When Gillespie went on his visit to the University of Missouri he met fellow safety, Joshuah Bledsoe. The two would play next to one another for four years and become inseparable friends.

Gillespie is a former three-star recruit from Florida who committed to Missouri over offers from Iowa State, Louisville and others. He would contribute in a special teams role as a freshman before taking over as the starting safety midway through his sophomore season.

Although never recording an interception, Gillespie had a successful career as a versatile piece in the Tigers secondary, racking up 146 tackles and 12 passes defended. To put the icing on the cake of his collegiate career, he received an invite to the Senior Bowl, where he will be competing alongside his friend, Joshuah Bledsoe, once again.

The Evaluation

Lined up all over the Missouri secondary, whether as the deep safety in single-high, two-high, or in the box, as well as in man coverage on tight ends and slot receivers, Gillespie competes. He is a physical defensive back who will make receivers pay for crossing the middle with hard but clean hits.

When he comes downhill, Gillespie takes direct angles on ball-carriers and attempts to wrap up consistently, aiming for the hips. He also does well to stay clean from blockers in the run game. The momentum of ball carriers or blockers stops when he engages them, a testament to his strength.

When tasked to cover opponents man-to-man, he does well to stay square, patiently waiting for the receiver to break in front of him, as he has the movement skills to trigger and break up the pass from behind. When the receiver attempts to run by him, Gillespie makes contact with the receiver. He has the ability to turn with the receiver thanks to his loose hips but needs to be cautious not to have opponents run on his toes as frequently.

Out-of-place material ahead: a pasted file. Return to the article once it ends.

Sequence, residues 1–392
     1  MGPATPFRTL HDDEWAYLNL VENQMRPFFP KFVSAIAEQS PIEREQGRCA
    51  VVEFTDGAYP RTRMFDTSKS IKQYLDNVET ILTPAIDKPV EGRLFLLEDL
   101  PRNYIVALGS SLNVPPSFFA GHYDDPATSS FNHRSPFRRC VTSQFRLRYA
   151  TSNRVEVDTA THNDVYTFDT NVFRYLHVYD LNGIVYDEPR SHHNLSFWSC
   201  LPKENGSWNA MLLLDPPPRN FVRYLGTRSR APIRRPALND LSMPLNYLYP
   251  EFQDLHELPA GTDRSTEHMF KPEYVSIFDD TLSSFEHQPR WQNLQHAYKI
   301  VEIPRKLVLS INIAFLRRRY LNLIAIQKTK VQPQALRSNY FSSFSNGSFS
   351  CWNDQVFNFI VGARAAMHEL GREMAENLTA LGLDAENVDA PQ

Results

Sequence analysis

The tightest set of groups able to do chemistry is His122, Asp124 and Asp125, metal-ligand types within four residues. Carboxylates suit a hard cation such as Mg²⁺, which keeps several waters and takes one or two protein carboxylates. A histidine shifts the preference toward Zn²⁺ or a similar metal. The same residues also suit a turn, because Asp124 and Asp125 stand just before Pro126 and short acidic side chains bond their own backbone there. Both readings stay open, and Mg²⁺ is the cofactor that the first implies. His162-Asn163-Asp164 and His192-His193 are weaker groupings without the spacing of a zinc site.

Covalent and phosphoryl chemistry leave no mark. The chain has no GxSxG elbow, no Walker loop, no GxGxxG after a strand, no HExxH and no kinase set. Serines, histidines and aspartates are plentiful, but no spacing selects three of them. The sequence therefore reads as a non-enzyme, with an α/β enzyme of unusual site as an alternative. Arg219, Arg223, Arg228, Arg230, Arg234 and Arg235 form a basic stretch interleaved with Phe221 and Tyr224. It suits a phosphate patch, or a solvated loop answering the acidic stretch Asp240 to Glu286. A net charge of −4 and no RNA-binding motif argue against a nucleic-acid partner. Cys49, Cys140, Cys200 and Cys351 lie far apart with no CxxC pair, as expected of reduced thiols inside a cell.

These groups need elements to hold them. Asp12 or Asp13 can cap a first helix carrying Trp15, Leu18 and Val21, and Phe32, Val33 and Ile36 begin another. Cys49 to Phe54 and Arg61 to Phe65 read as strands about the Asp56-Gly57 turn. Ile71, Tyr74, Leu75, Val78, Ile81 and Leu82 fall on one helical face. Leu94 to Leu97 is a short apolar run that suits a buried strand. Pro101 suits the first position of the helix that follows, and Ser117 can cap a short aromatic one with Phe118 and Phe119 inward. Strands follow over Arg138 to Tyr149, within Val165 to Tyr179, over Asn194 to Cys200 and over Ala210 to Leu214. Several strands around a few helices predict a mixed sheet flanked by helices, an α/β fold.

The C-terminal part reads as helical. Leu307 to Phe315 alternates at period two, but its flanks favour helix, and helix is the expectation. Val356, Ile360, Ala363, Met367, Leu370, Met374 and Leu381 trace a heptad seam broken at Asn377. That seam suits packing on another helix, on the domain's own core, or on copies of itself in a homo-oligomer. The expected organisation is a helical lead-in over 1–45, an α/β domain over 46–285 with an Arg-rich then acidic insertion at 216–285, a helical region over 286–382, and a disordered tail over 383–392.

In zone coverage, he can transition out of his clean backpedal and break on routes in front of him. Gillepsie demonstrates excellent closing quickness and impressive burst. He prefers to keep everything in front of him where he can have his eyes on it.

The trust he has in his eyes can deceive him at times, as quarterbacks are able to hold or move him in deep zones. Biting on concepts designed to fool him fairly easily causes him to end up in the wrong spots of the field. Gillespie lacks the long speed and range required to play in a single high but can be rotated into that position occasionally.

The senior safety projects as a split field safety who has the physicality required to play in the box, as well as the necessary athleticism to man up on tight ends. This versatility will intrigue defensive coordinators that like to shift their defenses pre and post-snap to confuse the offense.

Adding weight without losing his fluidity and burst could further assist him, if asked to play in the box predominantly. Gillespie will have to spend some time to work on his anticipation and understanding of offensive concepts to be better when getting put in conflict. His physicality and tackling, as well as his college experience, should project well to a special teams role.

The Tape

From single-high, Gillespie comes downhill and forces an incompletion on the pass over the middle by delivering a hard hit:

From the same alignment, he runs the alley aggressively and stops the tap pass for minimal gain:

Here he flows laterally with the run play and makes the tackle on the back:

In man coverage against Kyle Pitts, Gillespie kept his composure and knocked the pass incomplete from behind. Notice how he wastes no time breaking on the route:

His lack of range is apparent when he is a step late coming to the post after peeling off of the crossing pattern:

On this touchdown pass the quarterback starts off left, holding Gillespie just long enough to have the crossing route coming open for six: